• Extend the discourse by using phrases like “what if,” “remember” and “what do you think?”, which help both of you elaborate on the topic of conversation.
  • Read to them. Keep reading to them. Once they can read themselves, make sure your kids are always reading. Seriously, why are you reading this when you should be focused on them reading?

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Skill: Making Connections

What The Research Says: The ability to organize things and ideas, and then link them together, is what gives kids knowledge and the ability to use that knowledge productively. Play is among the most powerful ways kids develop an ability to make connections.

Participate in your kid’s play, but not as a boss.

What You Can Do With This

  • Give your kids toys that are “open ended” and can be used in different ways – balls that can be used for different kinds of games, building sets that can be assembled in different ways and figures that can be used to tell different stories.
  • Participate in your kid’s play but not as a boss. Follow their lead and guide from behind by directing them toward discoveries.
  • Encourage connection-making with numbers by talking about quantities approximately, verbally and figuratively. Have them help around the house in ways that promote counting, by making grocery lists, counting out table settings, helping prepare ingredients for cooking and using calendars. If they’re good at it, consider hiring them.

Skill: Critical Thinking

What The Research Says: Kids learn about the world in a way similar to scientists: They develop theories for why things happen and then test those theories by asking questions, making predictions and noting the outcomes.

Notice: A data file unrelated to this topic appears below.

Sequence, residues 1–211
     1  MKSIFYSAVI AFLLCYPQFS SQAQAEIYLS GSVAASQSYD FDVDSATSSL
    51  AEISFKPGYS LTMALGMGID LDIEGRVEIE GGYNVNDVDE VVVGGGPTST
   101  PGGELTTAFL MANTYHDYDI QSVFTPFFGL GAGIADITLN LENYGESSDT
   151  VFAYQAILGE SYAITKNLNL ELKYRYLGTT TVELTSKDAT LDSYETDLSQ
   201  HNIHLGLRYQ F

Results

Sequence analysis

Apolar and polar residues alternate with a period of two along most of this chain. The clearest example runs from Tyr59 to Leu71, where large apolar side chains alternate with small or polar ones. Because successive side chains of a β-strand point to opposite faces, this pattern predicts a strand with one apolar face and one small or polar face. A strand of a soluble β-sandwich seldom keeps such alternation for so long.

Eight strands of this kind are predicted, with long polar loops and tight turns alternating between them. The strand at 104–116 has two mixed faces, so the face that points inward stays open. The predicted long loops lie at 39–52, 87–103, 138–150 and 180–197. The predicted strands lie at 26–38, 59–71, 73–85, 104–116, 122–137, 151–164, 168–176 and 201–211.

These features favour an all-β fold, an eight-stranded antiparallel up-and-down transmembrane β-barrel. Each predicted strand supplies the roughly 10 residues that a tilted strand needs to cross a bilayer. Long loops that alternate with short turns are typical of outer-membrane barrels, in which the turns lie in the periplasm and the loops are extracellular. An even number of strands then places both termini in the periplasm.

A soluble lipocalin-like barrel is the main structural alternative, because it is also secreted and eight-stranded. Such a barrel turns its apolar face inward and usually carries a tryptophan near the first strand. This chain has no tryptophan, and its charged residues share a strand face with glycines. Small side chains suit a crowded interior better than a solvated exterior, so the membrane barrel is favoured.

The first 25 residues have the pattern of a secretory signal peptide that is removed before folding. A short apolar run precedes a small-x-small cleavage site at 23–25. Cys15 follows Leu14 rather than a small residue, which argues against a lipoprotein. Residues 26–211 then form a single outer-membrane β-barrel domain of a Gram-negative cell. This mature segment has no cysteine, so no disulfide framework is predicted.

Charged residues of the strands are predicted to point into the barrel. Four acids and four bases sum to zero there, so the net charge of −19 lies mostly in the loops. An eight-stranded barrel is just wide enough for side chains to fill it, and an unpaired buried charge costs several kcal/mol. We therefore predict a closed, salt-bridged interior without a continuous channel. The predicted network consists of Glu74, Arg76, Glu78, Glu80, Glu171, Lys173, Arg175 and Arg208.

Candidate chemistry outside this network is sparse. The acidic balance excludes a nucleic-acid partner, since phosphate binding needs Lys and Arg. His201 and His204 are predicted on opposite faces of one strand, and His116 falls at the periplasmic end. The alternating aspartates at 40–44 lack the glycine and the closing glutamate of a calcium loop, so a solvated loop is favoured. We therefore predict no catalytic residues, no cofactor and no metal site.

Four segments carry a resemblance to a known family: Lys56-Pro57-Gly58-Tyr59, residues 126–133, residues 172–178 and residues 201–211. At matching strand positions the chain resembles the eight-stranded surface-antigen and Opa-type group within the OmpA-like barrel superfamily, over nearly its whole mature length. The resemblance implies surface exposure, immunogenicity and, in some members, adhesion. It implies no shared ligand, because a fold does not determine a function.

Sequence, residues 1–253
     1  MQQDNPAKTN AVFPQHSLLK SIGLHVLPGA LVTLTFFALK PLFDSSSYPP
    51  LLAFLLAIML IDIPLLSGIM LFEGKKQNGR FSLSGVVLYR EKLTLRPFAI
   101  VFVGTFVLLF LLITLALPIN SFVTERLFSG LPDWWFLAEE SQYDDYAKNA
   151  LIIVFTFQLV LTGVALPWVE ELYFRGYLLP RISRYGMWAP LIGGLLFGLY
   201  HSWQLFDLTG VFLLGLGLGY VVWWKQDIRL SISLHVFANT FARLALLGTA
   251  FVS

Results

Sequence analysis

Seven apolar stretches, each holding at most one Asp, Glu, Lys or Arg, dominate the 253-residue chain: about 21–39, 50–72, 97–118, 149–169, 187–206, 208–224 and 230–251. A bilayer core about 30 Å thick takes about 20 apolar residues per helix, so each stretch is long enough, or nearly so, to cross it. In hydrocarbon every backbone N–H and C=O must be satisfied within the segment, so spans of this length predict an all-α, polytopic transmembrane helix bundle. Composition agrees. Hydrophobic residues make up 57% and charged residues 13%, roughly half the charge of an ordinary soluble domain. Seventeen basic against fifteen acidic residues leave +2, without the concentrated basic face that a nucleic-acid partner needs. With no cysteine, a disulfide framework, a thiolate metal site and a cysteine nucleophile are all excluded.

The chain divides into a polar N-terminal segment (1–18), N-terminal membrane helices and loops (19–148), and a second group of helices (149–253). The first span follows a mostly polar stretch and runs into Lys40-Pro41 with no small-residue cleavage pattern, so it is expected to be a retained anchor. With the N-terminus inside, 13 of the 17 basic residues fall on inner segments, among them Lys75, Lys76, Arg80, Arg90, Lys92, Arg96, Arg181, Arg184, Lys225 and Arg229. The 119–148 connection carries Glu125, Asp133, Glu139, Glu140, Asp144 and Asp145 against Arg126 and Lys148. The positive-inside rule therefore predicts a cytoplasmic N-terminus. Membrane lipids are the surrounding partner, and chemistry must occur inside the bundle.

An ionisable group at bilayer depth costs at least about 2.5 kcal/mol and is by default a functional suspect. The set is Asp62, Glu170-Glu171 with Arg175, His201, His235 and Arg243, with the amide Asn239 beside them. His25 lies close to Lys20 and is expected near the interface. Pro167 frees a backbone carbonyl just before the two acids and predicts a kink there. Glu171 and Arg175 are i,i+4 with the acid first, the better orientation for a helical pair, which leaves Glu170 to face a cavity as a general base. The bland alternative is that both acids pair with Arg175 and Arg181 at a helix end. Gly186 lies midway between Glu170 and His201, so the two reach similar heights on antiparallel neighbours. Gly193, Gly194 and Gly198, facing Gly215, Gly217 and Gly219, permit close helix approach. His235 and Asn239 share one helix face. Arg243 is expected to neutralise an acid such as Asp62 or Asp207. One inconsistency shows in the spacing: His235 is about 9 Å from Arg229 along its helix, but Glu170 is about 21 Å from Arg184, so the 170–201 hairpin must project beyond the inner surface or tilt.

Kids learn about the world in a way similar to scientists.

What You Can Do With This

  • Promote curiosity by not jumping in to fix something or answer a question. Instead, help them figure it out for themselves and make sure they know who else in their circle of adults can help in specific situations so they learn who their “experts” are. Make sure they know Uncle Bill makes things up.

Skill: Taking on Challenges

What The Research Says: There are two kinds of mindsets kids exhibit when they fail at something: A “fixed” mindset defines failure as a lack of skill or intelligence; a “growth” mindset defines failure as a lack of will or strategy. Kids with growth mindsets believe they’re able to learn new things and enjoy challenges while kids with fixed mindsets discourage easily.

A “fixed” mindset defines failure as a lack of skill or intelligence; a “growth” mindset defines failure as a lack of will or strategy.”

What You Can Do With This

  • Allow your kid to experience everyday stresses and understand how and why they react well or poorly. Use that knowledge to help them build ways to manage their own stress when faced with a new challenge.
  • Cultivate a growth mindset by praising your kid’s effort and strategy in problem solving, instead of praising their intelligence and personality. It’s, “You worked hard and I’m impressed by how you figured out where to put the puzzle piece,” as opposed to, “You’re so smart and clever” (which, let’s face it, sounds a little condescending).

Skill: Self-Directed Learning

What The Research Says: Learning is not a nature versus nurture process; it is a nature and nurture process. Whatever you kid is born with in terms of innate learning capacity, actualizing that potential is intrinsically linked to their environment and experiences.

Adults who make an effort to “learn about learning” make more effective teachers.

What You Can Do With This

  • Recognize that learning itself is a skill that your kids will develop through engagement and repetition. You’re responsible for encouraging that repetition, making it enjoyable and helping them understand the value of it.
  • Adults who make an effort to “learn about learning” make more effective teachers, so remember to read a book once in a while. Or just keep reading these Crib Notes.